Daily Picture Show

A Photo Homage To The Working Class ... Of Animals

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    Ringo, Arlington National Cemetery, Arlington, Virginia, 2012
    Charlotte Dumas/Courtesy of the Corcoran Gallery of Art
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    Babe, Arlington National Cemetery, Arlington, Virginia, 2012
    Charlotte Dumas/Courtesy of the Corcoran Gallery of Art
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    Buck, Arlington National Cemetery, Arlington, Virginia, 2012
    Charlotte Dumas/Courtesy of the Corcoran Gallery of Art
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    Repose, Arlington National Cemetery, Arlington, Virginia, 2012
    Charlotte Dumas/Courtesy of the Corcoran Gallery of Art
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    Major II, Arlington National Cemetery, Arlington, Virginia, 2012
    Charlotte Dumas/Courtesy of the Corcoran Gallery of Art
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    Amos, Arlington National Cemetery, Arlington, Virginia, 2011
    Charlotte Dumas/Courtesy of the Corcoran Gallery of Art

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There are roughly 21 funerals a day at Arlington National Cemetery. The majority are simple graveside burials. But for those soldiers who have earned "full honors," the casket is brought to the grave by a team of horses pulling a caisson.

These horses are the subject of a new series of portraits by 35-year-old Dutch photographer Charlotte Dumas now on view at the Corcoran Gallery of Art in Washington, D.C. The horses seem sad, and Dumas says that's what drives her work.

"I do think that portraits of animals, specifically, give room for reflection of one's own emotions. And not just projecting, but maybe ... identifying with," she explains. "The presence of animals can be of great importance for us to process what is happening around us — because they are a different species, but they are living like us."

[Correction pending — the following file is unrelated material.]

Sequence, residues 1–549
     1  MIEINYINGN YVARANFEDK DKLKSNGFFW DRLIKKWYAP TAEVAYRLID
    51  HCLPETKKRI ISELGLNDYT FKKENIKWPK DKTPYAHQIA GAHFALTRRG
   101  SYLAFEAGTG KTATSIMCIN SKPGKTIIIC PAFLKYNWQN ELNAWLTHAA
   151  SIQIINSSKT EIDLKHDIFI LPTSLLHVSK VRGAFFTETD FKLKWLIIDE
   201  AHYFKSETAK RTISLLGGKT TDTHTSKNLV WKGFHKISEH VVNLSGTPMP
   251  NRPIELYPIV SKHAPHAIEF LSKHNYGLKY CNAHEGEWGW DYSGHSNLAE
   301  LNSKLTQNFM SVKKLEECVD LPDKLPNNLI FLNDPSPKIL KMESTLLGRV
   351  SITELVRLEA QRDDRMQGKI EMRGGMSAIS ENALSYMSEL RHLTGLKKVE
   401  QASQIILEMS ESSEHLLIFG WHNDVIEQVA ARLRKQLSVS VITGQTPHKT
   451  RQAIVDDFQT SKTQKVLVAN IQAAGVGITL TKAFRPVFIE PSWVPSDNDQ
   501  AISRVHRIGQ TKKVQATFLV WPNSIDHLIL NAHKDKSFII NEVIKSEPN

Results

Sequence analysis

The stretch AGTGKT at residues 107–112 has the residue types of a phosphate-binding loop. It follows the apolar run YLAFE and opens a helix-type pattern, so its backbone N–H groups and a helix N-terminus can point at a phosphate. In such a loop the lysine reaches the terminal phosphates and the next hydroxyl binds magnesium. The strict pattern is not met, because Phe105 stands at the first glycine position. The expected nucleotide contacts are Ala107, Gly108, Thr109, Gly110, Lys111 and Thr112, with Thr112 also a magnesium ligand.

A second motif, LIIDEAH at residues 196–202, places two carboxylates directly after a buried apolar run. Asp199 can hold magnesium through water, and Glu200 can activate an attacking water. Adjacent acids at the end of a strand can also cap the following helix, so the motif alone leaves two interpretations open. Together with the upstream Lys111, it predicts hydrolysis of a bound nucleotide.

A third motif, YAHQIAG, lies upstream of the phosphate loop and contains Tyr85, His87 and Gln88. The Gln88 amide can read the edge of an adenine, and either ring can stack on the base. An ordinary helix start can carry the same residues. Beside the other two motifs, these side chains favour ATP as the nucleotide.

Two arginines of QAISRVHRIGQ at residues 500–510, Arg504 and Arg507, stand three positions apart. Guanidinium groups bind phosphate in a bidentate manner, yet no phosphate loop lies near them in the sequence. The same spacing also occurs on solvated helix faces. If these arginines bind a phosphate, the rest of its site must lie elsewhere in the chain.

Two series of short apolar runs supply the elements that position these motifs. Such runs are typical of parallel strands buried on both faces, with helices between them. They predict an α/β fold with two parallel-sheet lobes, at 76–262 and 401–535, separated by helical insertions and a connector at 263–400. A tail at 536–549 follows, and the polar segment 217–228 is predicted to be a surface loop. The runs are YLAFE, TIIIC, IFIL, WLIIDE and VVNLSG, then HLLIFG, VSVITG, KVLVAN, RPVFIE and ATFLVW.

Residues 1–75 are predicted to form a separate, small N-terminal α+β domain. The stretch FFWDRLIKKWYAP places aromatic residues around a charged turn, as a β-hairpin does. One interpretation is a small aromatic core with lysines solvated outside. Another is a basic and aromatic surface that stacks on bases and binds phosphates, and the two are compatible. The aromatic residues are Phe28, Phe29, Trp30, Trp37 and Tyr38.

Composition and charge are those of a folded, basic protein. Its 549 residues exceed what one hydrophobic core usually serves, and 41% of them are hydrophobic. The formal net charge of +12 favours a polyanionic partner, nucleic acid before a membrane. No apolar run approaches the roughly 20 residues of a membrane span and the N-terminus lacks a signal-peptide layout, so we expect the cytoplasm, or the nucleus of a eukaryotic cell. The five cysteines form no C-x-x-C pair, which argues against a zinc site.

Over the course of a year and a half, Dumas sat with her tripod at the edge of the stalls. She often photographed from the horses' eye level, a technique widely used for portraits of people.

In Dumas' photos, we see the horses after the day's work is done, resting in their stalls. Their white hair glows against the shadowy background. There's a dreaminess to the images, which Dumas achieved without extra lighting, or zoom lenses, but simply by waiting.

"I photographed the animals at night, as they were falling asleep, which to me emphasize a vulnerability," she says.

The Corcoran Gallery of Art commissioned this body of work. And curator Paul Roth says it bucks a long-standing rule of fine art.

"One of the things that I was first taught when I learned about photography was not to photograph animals," he says. "It would invite people's sense of sentimentality that we all experience daily when we experience viral videos of cats."

None of these photographs begs to be an adorable screensaver, though.

"Charlotte is interested in getting beyond that. Their whole working life — eight funerals a day, year round — is about carrying soldiers to their graves," says Roth. "It's a really powerful thing, so it does seem that they are accompanying spirits."

Dumas has made a career of photographing animals. She first gained international attention for her series on the dogs that worked to find survivors in the rubble of the twin towers. Those dogs, and these horses, she says, have a lot in common.

"It came full circle in a way," she says. That is — from the dog photos in the aftermath of Sept. 11 to now, almost a decade later, the horses at funerals resulting from wars in Iraq and Afghanistan.

Charlotte Dumas' photographs question how much we really know about animals' inner lives. And in asking those questions, she says, there's a lot we can learn about ourselves.

The exhibition, Anima, will be on display through late October at the Corcoran Gallery of Art in Washington, D.C.

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